ESA Best Abstract Prize Competition (BAPC)
Background and Goal of Study: Previous studies in primates and humans found a strong and reproducible visually induced functional magnetic resonance imaging (fMRI) signal in the visual cortex during mild isoflurane anaesthesia. Accordingly, we hypothesized that visual stimulation might also activate the human visual cortex during intravenous anaesthesia. The aim of this study was to assess the effect of propofol/remifentanil anaesthesia on visual-evoked activation of the visual cortex using fMRI-technique.
Materials and Methods: We studied four volunteers during wakefulness and eight patients during deep surgical anaesthesia maintained with propofol/remifentanil. For visual stimulation a binocular flash stimulus (1.7 Hz) was presented as a block design composed of 8 stimulation periods alternating with resting periods defined by the absence of the experimental stimulus with both periods lasting 25s. Visual processing was analysed using cross-correlation analysis (r > 0.4; P < 0.0001, uncorrected). For data analysis the fMRI software tool BrainVoyager 2000 was used.
Results and Discussions: Mean propofol plasma target concentration was 4.21 ± 0.64 μg/ml and mean rate of remifentanil infusion was 0.31 ± 0.09μg/kg/min during fMRI data acquisition. Binocular visual stimulation during wakefulness as well as during propofol/remifentanil anaesthesia produced a significant activation in the visual cortex including the striate (Brodmann's area (BA) 17) and the extrastriate visual cortex (BA 18, 19). The finding of activated areas in the anaesthetised brain indicates that the underlying mechanism of the fMRI signal is preserved during surgical concentrations of propofol and remifentanil.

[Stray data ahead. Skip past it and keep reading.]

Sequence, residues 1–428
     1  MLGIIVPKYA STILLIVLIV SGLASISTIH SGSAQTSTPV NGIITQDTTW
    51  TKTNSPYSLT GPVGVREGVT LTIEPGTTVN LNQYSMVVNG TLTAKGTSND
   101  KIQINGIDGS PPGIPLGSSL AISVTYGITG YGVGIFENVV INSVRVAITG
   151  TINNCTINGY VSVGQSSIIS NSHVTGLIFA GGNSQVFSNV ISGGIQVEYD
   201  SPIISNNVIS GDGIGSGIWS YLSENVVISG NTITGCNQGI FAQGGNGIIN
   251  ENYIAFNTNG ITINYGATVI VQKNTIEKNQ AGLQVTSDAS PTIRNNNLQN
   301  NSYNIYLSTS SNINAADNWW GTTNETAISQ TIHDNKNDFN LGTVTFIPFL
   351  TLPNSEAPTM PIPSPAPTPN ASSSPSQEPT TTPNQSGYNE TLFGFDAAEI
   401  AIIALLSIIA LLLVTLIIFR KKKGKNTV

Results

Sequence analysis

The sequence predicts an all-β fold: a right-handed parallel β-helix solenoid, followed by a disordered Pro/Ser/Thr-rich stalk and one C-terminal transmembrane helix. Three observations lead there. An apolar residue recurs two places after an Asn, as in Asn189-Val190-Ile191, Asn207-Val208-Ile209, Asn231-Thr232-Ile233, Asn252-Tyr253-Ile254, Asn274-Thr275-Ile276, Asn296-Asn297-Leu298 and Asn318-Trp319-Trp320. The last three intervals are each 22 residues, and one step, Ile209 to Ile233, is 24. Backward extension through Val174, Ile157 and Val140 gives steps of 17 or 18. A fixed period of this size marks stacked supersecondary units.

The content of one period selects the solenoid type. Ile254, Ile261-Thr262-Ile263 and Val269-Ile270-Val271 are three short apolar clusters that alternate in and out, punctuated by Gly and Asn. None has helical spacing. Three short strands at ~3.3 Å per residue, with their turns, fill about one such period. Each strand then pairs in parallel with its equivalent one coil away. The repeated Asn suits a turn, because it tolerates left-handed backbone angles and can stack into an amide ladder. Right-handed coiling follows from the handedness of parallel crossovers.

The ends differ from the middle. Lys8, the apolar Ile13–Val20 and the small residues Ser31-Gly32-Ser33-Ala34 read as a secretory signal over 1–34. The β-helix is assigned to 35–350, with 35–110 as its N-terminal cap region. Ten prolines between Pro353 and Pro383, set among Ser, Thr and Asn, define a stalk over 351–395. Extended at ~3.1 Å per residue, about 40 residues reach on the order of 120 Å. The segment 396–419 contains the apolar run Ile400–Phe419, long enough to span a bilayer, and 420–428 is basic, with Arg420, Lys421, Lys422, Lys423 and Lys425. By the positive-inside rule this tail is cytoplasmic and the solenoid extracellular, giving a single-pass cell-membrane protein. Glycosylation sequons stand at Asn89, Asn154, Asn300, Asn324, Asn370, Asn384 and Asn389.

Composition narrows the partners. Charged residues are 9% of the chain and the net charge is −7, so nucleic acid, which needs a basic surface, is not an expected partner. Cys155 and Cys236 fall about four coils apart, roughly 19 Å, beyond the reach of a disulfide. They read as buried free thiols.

Conclusions: (1) This study demonstrates that early visual information processing is preserved during general anaesthesia induced by the intravenous anaesthetics propofol and remifentanil. (2) The fMRI method may be appropriate for further investigating the effect of different anaesthetics on various neuronal networks.
Acknowledgements: This study was funded by KOLN FORTUNE, 66/2001.